Jackson fosters hope for the homeless
Vicki, a petite 18-year-old with bleached-blond hair and wide brown eyes, was desperate when she met Anthony Jackson (Bus’05). After aging out of the foster care system, she was living in Denver — and was homeless. For months she slept on whatever couch she could find. Although she dreamed of getting a job and going to college, she was more concerned with finding a home.
Anthony works for the Mile High United Way’s Bridging the Gap program and administers Section 8 Family Unification Program housing vouchers. These 18-month vouchers help former foster youth who lack adequate housing become independent.
“Forty percent of foster youth experience homelessness in their lifetime,” Anthony says, blaming this alarming statistic on the instability of foster care, an imperfect system that bounces youth between placements. “To move 20 times, you don’t have a home. There’s nothing stable about that.”
He spends countless hours helping foster youth avoid homelessness at all costs, mediating between angry landlords, exhausted caseworkers and frustrated youth. Anthony manages youth enrollment in the program, the ever-growing wait list and housing inspections. His least favorite aspect is paperwork, averaging around 250 pages per youth. He spends his remaining time tackling crises. Each morning his voice mail is filled with emergencies ranging from landlords who need their rent money to youth facing eviction.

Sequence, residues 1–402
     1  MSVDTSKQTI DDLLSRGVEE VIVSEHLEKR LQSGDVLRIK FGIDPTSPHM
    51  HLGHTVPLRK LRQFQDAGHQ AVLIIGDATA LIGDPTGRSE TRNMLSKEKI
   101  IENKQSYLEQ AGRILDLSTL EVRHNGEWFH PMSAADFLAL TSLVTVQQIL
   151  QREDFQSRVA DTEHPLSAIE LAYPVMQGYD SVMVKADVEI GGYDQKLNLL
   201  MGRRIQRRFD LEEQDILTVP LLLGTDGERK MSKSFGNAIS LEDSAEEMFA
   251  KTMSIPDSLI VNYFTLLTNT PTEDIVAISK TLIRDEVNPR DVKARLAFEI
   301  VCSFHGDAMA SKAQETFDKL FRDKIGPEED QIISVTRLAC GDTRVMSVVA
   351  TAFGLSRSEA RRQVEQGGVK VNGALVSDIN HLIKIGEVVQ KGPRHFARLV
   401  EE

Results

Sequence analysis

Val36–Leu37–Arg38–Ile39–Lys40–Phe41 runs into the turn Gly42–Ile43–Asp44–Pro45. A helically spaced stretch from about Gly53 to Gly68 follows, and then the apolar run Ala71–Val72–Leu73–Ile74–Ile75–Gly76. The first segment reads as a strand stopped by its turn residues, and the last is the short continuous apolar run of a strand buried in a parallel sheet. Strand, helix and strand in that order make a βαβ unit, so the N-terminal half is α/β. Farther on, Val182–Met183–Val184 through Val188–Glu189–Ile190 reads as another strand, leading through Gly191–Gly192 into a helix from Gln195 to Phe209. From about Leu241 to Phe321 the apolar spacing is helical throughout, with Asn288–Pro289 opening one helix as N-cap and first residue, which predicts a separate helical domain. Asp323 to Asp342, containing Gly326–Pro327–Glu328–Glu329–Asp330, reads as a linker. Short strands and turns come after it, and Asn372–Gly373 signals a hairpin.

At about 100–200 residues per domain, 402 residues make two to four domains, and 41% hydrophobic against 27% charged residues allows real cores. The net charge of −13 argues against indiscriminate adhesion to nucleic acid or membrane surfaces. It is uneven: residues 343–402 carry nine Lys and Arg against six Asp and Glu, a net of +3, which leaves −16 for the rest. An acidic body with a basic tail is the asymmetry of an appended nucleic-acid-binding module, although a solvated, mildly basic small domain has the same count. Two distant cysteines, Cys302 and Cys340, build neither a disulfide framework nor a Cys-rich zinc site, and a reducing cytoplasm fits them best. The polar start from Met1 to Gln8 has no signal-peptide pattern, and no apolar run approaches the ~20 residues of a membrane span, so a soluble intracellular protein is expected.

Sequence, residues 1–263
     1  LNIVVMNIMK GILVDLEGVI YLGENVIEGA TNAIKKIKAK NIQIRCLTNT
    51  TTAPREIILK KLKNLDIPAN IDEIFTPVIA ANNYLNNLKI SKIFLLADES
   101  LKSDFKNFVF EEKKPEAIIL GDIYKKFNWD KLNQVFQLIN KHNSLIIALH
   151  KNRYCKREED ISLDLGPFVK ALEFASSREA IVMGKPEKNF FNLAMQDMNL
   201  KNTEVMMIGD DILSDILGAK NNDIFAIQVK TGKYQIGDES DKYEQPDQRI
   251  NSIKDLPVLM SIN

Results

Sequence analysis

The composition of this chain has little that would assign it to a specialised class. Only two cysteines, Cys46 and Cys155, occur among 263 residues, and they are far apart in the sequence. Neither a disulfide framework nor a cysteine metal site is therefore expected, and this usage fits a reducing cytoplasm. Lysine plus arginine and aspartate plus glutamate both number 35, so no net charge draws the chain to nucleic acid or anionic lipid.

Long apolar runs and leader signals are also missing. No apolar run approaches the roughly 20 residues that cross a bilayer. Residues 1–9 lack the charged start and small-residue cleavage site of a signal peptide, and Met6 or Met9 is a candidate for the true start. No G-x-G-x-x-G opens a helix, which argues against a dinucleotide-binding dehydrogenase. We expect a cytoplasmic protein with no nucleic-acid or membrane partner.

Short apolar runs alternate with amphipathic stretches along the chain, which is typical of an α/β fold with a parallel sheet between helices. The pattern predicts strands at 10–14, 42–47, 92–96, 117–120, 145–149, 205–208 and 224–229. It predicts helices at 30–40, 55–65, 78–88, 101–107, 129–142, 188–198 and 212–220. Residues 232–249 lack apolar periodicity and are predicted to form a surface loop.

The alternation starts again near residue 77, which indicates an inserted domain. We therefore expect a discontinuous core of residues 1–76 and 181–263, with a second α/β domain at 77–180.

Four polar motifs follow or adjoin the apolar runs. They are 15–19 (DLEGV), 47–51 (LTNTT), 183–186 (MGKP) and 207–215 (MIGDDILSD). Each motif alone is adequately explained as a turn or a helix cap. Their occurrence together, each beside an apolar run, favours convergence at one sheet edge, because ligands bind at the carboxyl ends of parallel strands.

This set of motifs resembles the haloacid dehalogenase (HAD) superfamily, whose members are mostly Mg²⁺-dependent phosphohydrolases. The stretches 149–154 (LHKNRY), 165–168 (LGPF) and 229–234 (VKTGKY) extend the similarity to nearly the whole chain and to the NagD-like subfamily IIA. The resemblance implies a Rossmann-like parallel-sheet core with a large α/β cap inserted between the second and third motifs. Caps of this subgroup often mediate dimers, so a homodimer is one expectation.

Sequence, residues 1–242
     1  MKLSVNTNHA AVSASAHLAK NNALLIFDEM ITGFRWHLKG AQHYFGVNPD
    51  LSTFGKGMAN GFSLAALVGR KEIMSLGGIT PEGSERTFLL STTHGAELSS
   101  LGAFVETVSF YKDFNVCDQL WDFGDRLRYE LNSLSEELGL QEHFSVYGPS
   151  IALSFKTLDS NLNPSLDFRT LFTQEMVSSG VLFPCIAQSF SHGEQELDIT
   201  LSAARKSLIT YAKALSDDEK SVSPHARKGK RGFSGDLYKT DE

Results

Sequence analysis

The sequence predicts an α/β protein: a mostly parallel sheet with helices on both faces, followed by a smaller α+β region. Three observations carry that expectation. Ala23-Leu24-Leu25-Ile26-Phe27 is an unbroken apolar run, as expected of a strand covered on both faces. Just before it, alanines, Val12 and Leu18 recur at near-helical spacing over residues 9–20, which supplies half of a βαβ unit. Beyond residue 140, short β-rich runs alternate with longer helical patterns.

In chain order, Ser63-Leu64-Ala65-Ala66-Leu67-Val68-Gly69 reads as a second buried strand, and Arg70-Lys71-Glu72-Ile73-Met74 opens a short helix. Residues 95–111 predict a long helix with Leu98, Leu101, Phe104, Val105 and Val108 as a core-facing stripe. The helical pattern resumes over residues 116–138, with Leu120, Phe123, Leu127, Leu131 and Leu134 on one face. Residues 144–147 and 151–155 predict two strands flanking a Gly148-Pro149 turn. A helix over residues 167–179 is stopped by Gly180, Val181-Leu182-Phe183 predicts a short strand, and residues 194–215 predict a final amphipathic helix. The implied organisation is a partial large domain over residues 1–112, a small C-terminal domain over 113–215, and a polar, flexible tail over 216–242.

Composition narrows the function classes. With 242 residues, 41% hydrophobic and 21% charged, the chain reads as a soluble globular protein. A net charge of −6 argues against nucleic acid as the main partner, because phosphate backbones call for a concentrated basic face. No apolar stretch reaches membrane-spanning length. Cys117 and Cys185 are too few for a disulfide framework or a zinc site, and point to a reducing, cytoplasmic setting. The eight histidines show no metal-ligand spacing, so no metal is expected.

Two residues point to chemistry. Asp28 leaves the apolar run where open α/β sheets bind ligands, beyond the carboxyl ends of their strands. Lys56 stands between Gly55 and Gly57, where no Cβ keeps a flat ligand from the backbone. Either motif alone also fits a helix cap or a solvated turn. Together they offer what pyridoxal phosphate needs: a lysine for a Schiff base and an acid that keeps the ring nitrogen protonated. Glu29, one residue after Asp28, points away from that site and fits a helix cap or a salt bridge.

“CU helped me figure out who I was and how to succeed at a role like this,” Anthony says.
All his hard work is worth it when he sees a youth get his or her first set of apartment keys.
“The excitement they have when they sign their lease and move into their apartment is what makes this job so easy for me,” Anthony says. “They now know they have a place to call home and no longer have to deal with couch surfing and possibly being kicked out of their place.”
Family Unification vouchers provide hope and a safety net for youth like Vicki.
“It adds a great deal of stability to their lives. At least for 18 months they can call that their home,” Anthony says.
In the meanwhile, Vicki is working hard to reach her goals. Six months after receiving her voucher, she is in a better place: living in her own apartment, attending school and finally finding permanency.
Stories like Vicki’s are common in Anthony’s world, which lead him to say, “I’ve never had greater job satisfaction.”
— Beth Phillips